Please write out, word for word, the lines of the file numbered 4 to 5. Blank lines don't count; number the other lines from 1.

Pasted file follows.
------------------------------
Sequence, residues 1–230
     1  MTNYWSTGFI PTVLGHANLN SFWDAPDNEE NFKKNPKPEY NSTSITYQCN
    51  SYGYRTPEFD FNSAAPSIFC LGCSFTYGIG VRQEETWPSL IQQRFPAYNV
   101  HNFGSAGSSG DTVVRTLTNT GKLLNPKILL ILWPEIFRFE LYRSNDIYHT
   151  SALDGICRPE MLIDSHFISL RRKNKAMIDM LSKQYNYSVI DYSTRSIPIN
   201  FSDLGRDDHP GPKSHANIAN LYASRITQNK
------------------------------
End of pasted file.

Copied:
   101  HNFGSAGSSG DTVVRTLTNT GKLLNPKILL ILWPEIFRFE LYRSNDIYHT
   151  SALDGICRPE MLIDSHFISL RRKNKAMIDM LSKQYNYSVI DYSTRSIPIN